Anderson & Boback Logo

Living in the Same House as Estranged Partner?

Categorized as Divorce

Many parties who are going through a break-up or a divorce reside in the same household for a period of time subsequent to the break up. Some parties are able to do this without issue, and it can be a great cost-saving mechanism to only have to utilize resources to pay for one residence. Some parties are not comfortable with this scenario for a variety of reasons. Some parties do not get along well enough to reside in the same household. Others wish to date, and don’t want to do so when they are living under the same roof as their ex. There are many different reasons why parties do not want to reside together while going through a break-up or a divorce, and in some scenarios, the Court can help these situations.

If residing in the same house as the other party is causing emotional or mental distress, in some scenarios, a Court may consider giving someone “exclusive possession” of their joint residence, in the divorce proceedings. That effectively removes one of the parties from the residence during the pendency of the case. That allows the other party to change the locks, put in an alarm system, etc. and prohibits the other party from entering the house, absent a court order allowing them to do so. This can help cause undue distress for both the parties and their minor children during the pendency of the matter, and is a good alternative to something such as an order of protection, when the parties are fine with each other, so long as they aren’t living in the same household. This is an option in some divorce cases for the parties if they cannot reside in the same household.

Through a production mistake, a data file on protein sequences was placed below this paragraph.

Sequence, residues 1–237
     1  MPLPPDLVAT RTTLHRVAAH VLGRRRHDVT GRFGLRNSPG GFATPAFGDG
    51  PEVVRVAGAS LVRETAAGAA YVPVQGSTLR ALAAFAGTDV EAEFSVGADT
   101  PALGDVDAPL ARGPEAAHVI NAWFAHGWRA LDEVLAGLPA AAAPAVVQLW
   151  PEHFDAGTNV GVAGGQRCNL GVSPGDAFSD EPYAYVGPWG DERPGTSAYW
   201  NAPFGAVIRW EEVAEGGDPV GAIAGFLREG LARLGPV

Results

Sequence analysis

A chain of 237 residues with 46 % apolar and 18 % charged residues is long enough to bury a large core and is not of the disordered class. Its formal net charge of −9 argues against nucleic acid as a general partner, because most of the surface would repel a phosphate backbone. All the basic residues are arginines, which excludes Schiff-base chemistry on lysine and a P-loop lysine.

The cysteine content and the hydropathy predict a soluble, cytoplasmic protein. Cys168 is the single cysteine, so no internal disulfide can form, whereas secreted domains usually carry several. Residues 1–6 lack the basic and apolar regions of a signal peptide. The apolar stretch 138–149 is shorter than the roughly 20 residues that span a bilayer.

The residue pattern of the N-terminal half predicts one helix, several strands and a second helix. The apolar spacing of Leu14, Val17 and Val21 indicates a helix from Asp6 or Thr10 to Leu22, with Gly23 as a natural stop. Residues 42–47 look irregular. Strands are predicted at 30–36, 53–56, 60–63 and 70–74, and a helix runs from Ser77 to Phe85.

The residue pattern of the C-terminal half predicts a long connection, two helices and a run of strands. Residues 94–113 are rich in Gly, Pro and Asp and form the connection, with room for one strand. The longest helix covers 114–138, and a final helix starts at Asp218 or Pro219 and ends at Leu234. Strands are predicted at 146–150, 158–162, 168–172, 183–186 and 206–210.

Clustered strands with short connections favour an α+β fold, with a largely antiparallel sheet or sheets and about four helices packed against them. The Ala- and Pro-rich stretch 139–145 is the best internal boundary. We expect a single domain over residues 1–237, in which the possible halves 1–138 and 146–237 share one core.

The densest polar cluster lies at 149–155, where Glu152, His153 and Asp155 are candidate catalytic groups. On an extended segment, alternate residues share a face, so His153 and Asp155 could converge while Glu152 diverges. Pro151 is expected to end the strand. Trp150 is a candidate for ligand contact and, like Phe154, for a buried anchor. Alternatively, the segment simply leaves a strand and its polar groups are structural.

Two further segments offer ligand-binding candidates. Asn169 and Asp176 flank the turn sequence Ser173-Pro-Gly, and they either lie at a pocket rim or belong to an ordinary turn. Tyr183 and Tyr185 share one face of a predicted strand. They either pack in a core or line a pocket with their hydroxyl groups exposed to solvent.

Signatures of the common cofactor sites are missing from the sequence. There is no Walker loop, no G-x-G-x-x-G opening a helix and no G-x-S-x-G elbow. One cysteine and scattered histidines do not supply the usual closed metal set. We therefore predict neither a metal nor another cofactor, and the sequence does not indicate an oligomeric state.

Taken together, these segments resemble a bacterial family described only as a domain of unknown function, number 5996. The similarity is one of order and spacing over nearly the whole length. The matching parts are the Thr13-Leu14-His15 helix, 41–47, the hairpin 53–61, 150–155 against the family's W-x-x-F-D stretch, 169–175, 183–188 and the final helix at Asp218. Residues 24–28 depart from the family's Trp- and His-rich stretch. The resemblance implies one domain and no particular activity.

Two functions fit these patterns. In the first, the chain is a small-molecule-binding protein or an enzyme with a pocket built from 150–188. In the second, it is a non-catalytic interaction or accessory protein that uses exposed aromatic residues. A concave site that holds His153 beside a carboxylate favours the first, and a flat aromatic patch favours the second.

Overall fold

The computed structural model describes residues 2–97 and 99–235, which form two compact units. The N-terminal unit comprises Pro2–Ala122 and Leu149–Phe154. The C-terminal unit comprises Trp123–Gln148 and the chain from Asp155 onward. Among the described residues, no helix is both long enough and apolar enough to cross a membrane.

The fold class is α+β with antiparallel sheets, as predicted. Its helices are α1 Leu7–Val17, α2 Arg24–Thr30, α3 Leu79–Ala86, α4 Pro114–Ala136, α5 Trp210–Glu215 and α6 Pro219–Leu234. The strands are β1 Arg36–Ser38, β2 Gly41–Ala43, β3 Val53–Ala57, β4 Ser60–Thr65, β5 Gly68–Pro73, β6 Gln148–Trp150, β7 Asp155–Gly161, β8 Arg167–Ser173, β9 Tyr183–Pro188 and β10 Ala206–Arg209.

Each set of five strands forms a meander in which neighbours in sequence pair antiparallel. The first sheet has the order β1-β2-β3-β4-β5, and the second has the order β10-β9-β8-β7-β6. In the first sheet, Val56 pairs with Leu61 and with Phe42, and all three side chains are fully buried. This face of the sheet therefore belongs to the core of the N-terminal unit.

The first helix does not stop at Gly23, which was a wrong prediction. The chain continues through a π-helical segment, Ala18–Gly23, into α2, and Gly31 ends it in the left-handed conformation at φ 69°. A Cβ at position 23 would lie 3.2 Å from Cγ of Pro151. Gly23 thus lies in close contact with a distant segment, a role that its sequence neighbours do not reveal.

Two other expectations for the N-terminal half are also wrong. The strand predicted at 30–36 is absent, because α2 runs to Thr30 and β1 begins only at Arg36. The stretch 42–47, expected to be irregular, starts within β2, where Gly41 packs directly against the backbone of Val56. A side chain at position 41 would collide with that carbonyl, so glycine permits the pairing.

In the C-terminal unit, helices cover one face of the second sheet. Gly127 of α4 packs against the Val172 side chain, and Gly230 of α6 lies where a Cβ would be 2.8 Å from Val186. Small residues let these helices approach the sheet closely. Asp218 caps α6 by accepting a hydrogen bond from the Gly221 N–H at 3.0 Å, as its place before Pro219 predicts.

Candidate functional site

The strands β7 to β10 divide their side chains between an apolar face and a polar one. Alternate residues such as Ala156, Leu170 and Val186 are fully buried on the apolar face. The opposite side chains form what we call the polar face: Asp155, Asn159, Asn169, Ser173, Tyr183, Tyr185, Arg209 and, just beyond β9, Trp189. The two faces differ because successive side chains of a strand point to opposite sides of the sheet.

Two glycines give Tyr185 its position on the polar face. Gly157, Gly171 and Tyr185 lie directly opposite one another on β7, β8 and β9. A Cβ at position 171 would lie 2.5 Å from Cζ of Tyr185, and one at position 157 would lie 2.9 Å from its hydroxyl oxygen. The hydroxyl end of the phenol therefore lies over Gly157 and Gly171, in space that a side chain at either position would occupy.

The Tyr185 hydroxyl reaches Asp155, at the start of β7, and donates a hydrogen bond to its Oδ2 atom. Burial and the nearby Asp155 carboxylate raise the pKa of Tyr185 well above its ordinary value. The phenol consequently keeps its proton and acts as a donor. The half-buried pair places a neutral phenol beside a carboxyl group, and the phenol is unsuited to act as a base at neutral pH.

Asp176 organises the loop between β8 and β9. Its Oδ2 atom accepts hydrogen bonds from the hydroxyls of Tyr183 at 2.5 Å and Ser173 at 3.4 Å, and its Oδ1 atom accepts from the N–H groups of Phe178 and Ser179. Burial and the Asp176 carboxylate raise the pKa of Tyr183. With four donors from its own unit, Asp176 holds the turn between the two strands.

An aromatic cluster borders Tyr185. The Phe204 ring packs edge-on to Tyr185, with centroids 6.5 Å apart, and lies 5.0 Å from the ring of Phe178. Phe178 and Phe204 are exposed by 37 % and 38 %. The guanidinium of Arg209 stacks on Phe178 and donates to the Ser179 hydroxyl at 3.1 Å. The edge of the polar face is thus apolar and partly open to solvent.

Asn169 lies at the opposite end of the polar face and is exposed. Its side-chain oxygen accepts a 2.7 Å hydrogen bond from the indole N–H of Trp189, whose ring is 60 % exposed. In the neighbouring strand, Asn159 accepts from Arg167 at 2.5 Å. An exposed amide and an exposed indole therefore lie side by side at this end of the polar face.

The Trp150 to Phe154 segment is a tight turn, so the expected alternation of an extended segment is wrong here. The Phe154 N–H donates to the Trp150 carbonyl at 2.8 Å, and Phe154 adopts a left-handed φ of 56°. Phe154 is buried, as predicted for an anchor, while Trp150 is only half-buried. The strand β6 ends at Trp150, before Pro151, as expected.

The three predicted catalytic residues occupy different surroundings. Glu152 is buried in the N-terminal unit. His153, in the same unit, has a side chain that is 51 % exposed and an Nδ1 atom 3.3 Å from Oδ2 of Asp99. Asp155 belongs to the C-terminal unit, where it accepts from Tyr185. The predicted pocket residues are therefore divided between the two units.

Was this information helpful?

You May Also Like

The legal term “best interests” is a concept that comes up in almost all child-related areas of family law. When making essentially any decision on behalf of a child, the court is going to look at what is best for…

Maintenance, formerly known as alimony, is a relief granted to a party in a dissolution of marriage case that equitably restores to the party a standard of living to which they became acclimated during the marriage.  For spouses going through…

Visitation interference occurs when the custodial parent in some way interferes with your ability to spend parenting time with your child or visit with them.  In Illinois, a parent has a couple of options when the other parent interferes with…

We receive inquiries regularly from parents of children in Illinois regarding whether or not they can remove their child from the state of Illinois when they are estranged from their child’s other parent.  The answer varies, depending on different situations.…

People often are confused about the difference between a Civil Union and a Domestic Partnership, and what their rights are if their partner, to whom they are not married, leaves them or predeceases them.  This blog is designed to explain…

One of the most hot-button terms in parenting cases in Cook County is “alienation”, meaning that one parent is actively seeking to keep the child from having a relationship with their other parents. The current laws on parenting favor both…

Anderson & Boback small logo

Download our Divorce Planning Guide today!

Get the information you need to prepare for divorce with our free resource Guide to Planning for Your Divorce.

What our clients are saying

Schedule a Discreet Consultation Today!

    Firm Overview

    Anderson & Boback is a highly-respected, experienced Chicago family law firm, skilled in negotiation and litigation. When divorce and other family law issues make your life chaotic and uncertain, you want your case resolved as quickly and fairly as possible. Call Now 312-715-0870